This section covers political and economic relations between the European Union and countries in its Eastern Neighborhood (including relations with Russia, Eastern countries covered by European Neighborhood Policy and Eastern Partnership).


EUROPEAN NEIGHBORHOOD POLICY

The EU introduced European Neighborhood Policy in 2004 as an instrument to regulate its relations with its neighbors.  The ENP offers “a privileged relationship, building upon a mutual commitment to common values” but remains distinct from the process of enlargement.  The policy provides with a coherent approach that at the same time allows the Union to develop tailor-made relations with each country. Central to the ENP are the bilateral Action Plans between the EU and each ENP partner (12 of them were agreed). These set out an agenda of political and economic reforms with short and medium-term priorities of 3 to 5 years. Following the expiration of the first Action Plans succession documents are being adopted. 
The ENP builds upon existing agreements between the EU and the partner in question: Partnership and Cooperation Agreements (PCA) or Association Agreements (AA). Implementation of the ENP is jointly promoted and monitored through the Committees and sub-Committees established in the frame of these agreements. The European Commission under its own responsibility publishes each year the ENP Progress Reports.

The ENP framework is proposed to the 16 of EU’s closest neighbors, 6 of which are in the East (Armenia, AzerbaijanBelarusGeorgiaMoldova, and Ukraine)


EASTERN PARTNERSHIP

Eastern Partnership is a regional and multilateral co-operation initiative launched in Prague in May 2009. The European Commission put forward concrete ideas for further enhancing the EU relationship with: Armenia, Azerbaijan, Belarus, Georgia, Moldova and Ukraine. This would imply new association agreements including deep and comprehensive free trade agreements with those countries willing and able to enter into a deeper engagement and gradual integration in the EU economy. It would also allow for easier travel to the EU through gradual visa liberalization, accompanied by measures to tackle illegal immigration.

According to the European Commission the Partnership will also promote democracy and good governance, strengthen energy security, promote sector reform and environment protection, encourage people to people contacts, support economic and social development and offer additional funding for projects to reduce socio-economic imbalances and increase stability.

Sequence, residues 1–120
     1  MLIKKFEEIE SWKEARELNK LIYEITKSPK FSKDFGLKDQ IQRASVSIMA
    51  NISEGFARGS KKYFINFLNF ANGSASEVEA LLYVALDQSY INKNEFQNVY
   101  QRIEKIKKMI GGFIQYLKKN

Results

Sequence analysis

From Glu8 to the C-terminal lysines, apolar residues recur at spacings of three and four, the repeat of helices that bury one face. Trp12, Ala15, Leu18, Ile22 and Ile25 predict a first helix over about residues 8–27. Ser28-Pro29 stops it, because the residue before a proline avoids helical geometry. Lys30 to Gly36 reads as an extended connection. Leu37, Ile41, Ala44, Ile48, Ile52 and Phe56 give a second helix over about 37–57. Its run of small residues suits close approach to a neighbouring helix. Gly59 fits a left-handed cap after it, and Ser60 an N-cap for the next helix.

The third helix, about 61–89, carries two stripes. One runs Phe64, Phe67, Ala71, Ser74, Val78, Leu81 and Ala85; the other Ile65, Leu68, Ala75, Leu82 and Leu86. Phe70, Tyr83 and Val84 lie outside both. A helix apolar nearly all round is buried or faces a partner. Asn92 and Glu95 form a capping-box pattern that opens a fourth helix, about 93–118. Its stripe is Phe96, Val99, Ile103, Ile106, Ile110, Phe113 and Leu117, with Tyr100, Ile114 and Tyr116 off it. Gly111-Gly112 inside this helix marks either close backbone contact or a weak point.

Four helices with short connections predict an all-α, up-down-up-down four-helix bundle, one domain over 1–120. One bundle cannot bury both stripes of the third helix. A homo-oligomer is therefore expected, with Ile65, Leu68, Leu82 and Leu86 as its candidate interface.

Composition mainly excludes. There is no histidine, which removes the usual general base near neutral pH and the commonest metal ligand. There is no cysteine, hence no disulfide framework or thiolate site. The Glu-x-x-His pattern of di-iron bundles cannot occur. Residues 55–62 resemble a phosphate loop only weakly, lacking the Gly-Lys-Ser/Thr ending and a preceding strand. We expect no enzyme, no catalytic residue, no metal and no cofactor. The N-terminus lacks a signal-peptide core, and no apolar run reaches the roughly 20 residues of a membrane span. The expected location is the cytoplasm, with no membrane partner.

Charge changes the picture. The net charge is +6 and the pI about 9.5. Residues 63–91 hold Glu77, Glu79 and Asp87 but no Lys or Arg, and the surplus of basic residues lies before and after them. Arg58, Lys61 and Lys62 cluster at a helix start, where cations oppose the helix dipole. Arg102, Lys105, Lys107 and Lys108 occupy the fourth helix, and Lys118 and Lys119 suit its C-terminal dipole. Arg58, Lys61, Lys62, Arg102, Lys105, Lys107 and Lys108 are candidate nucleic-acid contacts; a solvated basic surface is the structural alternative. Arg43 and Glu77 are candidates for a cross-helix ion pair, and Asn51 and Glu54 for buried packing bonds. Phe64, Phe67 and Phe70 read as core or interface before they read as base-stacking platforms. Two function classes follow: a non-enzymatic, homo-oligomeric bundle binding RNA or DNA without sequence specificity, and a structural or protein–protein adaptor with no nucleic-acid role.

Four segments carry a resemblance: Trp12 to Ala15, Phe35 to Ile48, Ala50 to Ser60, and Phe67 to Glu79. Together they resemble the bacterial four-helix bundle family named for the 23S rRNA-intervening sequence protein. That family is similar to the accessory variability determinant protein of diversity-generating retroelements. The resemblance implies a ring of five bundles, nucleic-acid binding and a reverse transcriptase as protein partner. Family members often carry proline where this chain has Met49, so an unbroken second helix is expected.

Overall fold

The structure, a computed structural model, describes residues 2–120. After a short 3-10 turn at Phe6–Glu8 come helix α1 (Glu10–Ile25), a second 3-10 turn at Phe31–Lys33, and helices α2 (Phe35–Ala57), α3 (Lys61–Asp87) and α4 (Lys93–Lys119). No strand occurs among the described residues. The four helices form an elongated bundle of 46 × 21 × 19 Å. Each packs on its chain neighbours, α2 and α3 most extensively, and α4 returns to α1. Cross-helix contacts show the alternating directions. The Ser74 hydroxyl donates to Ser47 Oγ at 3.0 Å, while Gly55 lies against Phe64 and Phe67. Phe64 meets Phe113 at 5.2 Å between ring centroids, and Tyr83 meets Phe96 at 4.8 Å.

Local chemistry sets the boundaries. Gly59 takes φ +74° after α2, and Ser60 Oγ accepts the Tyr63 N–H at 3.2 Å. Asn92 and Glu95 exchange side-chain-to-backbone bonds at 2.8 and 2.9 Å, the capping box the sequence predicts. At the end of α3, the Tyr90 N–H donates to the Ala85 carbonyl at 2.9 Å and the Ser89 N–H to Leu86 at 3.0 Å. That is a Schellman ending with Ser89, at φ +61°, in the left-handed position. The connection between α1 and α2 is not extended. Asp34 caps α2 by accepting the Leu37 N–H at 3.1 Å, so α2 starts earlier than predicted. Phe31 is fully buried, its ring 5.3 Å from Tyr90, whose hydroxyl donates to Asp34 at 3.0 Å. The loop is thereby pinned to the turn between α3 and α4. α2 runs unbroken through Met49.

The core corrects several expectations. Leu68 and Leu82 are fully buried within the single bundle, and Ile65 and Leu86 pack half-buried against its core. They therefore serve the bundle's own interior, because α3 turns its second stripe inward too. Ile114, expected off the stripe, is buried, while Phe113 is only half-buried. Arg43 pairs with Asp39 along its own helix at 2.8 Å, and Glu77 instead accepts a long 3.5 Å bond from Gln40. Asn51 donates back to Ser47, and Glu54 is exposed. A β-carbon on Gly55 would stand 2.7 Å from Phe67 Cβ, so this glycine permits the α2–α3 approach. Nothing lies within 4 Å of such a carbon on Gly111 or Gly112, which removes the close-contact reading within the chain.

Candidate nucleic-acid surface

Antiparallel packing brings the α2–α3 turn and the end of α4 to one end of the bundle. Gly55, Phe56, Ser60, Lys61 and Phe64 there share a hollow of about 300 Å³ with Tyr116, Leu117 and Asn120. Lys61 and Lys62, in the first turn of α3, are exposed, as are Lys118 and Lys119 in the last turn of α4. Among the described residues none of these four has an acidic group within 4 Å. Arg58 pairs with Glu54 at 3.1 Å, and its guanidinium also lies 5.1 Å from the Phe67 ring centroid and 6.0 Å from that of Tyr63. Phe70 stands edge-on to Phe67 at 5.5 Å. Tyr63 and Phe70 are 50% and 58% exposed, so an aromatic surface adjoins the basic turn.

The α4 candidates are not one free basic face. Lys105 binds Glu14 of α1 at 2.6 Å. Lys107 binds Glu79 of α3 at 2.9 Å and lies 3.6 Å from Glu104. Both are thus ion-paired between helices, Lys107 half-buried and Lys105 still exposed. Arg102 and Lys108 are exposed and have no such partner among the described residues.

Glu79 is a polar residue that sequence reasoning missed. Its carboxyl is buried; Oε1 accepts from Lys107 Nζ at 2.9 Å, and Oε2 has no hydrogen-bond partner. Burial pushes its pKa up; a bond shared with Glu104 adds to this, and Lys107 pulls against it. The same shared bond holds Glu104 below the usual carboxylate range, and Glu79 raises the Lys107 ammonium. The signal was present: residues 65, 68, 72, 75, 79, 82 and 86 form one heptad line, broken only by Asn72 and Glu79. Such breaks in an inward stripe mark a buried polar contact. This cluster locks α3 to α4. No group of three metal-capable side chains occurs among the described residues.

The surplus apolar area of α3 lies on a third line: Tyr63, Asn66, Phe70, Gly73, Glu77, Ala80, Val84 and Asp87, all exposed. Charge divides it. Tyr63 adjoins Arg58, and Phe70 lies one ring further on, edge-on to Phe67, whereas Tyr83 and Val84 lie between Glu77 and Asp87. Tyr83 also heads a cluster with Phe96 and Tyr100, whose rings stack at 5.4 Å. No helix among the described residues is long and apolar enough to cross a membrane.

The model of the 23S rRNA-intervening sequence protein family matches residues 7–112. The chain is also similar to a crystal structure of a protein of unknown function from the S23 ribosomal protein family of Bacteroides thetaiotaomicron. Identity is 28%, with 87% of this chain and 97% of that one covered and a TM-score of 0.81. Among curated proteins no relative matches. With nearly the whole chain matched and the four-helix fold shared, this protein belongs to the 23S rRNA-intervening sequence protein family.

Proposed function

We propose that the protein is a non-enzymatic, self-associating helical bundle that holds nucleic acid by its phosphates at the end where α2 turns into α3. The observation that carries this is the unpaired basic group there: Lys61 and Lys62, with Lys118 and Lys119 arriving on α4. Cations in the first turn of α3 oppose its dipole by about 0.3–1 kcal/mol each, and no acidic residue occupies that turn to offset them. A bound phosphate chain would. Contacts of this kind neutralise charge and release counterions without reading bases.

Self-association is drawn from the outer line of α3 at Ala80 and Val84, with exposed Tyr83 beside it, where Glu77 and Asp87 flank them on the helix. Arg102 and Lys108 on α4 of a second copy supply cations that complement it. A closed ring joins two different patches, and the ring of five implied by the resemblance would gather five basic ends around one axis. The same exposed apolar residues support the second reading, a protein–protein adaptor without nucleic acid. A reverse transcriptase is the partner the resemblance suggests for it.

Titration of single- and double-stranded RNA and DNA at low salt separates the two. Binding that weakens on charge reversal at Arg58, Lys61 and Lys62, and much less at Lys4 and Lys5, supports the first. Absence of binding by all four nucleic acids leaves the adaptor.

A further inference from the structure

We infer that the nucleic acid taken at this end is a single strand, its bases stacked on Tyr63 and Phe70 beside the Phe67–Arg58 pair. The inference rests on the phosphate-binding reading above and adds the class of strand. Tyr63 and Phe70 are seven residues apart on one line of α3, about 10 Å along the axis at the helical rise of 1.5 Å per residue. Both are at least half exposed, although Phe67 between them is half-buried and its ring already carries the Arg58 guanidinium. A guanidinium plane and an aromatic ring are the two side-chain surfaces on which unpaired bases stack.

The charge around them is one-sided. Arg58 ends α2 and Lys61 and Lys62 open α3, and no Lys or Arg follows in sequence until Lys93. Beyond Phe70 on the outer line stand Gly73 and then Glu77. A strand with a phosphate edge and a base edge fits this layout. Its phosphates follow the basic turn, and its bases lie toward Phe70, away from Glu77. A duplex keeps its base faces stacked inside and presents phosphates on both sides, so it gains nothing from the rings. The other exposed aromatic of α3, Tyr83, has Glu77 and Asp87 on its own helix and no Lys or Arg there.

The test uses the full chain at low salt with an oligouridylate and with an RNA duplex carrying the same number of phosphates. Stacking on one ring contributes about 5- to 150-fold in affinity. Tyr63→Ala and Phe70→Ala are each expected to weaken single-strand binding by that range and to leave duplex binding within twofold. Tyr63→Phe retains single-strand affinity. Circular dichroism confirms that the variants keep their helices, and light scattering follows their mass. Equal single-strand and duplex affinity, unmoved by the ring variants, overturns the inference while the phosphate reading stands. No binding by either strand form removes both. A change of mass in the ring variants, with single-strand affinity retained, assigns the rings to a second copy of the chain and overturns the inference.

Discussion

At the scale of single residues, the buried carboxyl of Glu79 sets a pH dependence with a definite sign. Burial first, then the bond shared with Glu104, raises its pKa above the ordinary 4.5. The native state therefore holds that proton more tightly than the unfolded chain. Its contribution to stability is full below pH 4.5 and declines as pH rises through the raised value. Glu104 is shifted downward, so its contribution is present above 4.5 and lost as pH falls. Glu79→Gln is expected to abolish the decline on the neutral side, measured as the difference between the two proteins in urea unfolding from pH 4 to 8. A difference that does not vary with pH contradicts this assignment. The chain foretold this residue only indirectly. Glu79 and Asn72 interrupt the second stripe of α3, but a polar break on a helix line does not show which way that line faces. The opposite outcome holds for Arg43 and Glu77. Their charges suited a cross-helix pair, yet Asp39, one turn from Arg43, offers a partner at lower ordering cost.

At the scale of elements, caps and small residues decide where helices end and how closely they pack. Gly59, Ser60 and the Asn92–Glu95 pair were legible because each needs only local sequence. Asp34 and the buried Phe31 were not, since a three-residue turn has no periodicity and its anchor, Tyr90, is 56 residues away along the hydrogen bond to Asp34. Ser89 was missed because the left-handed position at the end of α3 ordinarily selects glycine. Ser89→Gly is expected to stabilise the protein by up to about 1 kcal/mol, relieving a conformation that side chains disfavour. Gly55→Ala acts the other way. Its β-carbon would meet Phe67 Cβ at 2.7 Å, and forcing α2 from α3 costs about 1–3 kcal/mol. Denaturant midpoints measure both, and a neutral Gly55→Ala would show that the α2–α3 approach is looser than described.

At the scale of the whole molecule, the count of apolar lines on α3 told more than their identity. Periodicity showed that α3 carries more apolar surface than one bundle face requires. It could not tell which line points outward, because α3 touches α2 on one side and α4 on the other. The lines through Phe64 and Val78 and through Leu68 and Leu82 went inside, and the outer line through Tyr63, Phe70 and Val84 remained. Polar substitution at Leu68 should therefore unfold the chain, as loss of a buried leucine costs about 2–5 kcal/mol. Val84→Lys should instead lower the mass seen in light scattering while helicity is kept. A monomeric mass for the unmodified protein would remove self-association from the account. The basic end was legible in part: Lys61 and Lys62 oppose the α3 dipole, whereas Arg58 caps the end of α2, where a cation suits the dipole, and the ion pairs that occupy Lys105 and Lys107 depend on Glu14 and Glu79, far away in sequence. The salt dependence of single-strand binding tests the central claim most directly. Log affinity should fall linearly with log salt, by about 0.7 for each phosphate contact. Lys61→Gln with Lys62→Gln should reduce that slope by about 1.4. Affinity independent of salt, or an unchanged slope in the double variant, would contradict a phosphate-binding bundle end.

THE EU RELATIONS WITH RUSSIA

The recent Enlargement brought Russia closer to the EU’s borders. Russia is the EU’s third biggest trade partner, with Russian supplies of oil and gas making up a large percentage of Russia’s exports to Europe. As well, Russia is an important market for EU goods and services. Over the past 15 years, the EU and Russia have developed a dense network of political institutions and diplomatic contacts. Economic interdependence has grown stronger as well, with the EU becoming Russia’s most important foreign trade partner, and Russia becoming the EU’s largest energy supplier.

The Ongoing cooperation is based on 4 specific policy areas. These “common spaces”, cover economic issues & the environment; Freedom, Security & Justice; External Security; and Research & Education, including cultural aspects.


EUROPEAN NEIGBOHOOD POLICY (ENP)

The European Union Institutions and relevant European Union External Action Service Delegations Websites:


THINK TANKS, NGOS, RESEARCH CENTERS:


SITES WITH RELEVANT PUBLICATIONS:


EASTERN PARTNERSHIP UNDER ENP

The European Union Institutions:
European Union External Action Service

Think Tanks, NGOs, Research Centers:
Eastern Partnership Community

Sites with relevant publications:
ENPI


THE EU RELATIONS WITH RUSSIAN FEDERATION

The European Union Institutions:
European external action service

EU-Russia Common Spaces


THINK TANKS, NGOS, RESEARCH CENTERS


SITES WITH RELEVANT PUBLICATIONS: